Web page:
Ever wondered why the media in its many forms has what Christians may consider a caricatured version of our faith and its practices? You know, the stiff-necked religiophile who frowns at anyone having fun; or the Bible-thumping preacher who promises heaven for those who send in dollars; or the ‘do-gooder’ who expects that their voice on any ethical or moral changes is the right one. And then there’s Ned Flanders, possibly the only Christian many, many people could name (a character on The Simpsons for those who weren’t sure).
Does it make you cringe? Do you wonder why ‘they’ see ‘us’ that way? Do you find yourself saying, ‘But we’re really not like that!’
Familiar with the phrase, ‘perception is reality’? It applies in this case.
If people outside the church perceive Christians to be a certain way, then that for them is the way things really are; it is reality for them.
The question is then—what part has the church in general, and individual Christians in particular, played in the development of these perceptions?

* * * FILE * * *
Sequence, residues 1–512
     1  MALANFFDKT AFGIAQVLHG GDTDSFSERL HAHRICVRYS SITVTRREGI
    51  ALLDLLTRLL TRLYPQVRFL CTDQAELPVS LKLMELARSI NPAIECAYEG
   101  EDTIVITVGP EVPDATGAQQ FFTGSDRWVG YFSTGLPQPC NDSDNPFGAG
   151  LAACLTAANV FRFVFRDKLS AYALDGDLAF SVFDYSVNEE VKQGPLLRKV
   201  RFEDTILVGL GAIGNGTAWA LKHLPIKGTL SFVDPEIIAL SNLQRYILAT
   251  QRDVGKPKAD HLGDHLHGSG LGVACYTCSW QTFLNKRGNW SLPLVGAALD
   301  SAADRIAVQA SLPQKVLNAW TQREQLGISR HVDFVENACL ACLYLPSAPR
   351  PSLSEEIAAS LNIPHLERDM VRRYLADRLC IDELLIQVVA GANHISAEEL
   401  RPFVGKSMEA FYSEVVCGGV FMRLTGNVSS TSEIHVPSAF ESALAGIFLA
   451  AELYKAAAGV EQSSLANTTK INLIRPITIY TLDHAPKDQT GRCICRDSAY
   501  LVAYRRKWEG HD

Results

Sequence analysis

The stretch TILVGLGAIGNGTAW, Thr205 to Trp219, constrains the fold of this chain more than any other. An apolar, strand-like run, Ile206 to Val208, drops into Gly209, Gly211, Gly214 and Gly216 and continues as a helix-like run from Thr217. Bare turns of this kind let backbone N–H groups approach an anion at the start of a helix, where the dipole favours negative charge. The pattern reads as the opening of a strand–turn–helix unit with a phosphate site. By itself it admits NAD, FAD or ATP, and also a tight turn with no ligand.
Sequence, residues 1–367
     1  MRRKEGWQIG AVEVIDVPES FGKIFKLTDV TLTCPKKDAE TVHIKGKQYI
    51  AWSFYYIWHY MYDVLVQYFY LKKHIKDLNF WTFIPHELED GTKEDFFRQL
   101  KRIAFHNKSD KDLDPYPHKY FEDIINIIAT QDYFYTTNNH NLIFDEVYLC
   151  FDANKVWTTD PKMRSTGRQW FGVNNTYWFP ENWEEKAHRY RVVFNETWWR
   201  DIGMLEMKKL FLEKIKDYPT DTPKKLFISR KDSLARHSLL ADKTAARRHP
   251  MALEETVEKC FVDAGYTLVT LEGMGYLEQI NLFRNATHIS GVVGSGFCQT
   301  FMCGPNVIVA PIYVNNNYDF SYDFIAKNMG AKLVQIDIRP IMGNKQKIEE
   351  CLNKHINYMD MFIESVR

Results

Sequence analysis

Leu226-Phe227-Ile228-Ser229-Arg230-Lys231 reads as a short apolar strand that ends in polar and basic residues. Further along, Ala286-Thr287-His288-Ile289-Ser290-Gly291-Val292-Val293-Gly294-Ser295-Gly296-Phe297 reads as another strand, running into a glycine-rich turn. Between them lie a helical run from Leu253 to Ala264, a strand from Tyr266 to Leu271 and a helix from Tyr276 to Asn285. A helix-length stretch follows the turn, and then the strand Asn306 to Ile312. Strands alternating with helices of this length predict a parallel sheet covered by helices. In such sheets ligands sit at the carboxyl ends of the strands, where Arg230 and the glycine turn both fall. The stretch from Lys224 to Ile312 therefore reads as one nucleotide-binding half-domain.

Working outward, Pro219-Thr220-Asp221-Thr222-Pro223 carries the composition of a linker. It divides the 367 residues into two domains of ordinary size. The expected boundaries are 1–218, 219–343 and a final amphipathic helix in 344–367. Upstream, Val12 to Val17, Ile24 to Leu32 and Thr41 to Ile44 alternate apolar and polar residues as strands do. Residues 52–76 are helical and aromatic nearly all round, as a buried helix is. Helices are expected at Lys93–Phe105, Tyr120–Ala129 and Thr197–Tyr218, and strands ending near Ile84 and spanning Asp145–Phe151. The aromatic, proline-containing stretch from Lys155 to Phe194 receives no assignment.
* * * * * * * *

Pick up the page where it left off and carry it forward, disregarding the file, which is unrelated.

• Prominent TV evangelists have embezzled their ministry’s funds for their own benefit.
• Church leaders have been unfaithful to their partners.
• Men in all church denominations have used their trusted positions to lead a paedophilic lifestyle that has been covered up by the church hierarchy, or have sated their sexual appetites at the expense of naïve and trusting women in their churches.
And it’s not just church leaders who have been at fault.
It may well come back to the church’s recent history, at least in the last 40-50 years, of the church not really engaging with the culture in which we live. We have, in general, been happy to live within our Christian sub-culture, with its books and music and movies, and to never venture forth in an intentional way to genuinely engage with those who don’t share our faith. And when things have got rough, and our culture has slipped from bad to worse, we’ve been happy to sit within our Christian fortresses and lob ‘faith-grenades’ at the ‘pagans’ out there. And we expect ‘them’ to listen to ‘us’ when ‘we’ do not listen to ‘them’.
The church has been its own worst enemy. And this is a not a situation in which all publicity, even the negative stuff, is good publicity. It’s no wonder that the media finds it easier to caricature the church than actually engage with it.
I really am fairly certain that this is not what Jesus called us to when he said, ‘Follow me and I will make you fishers of men’.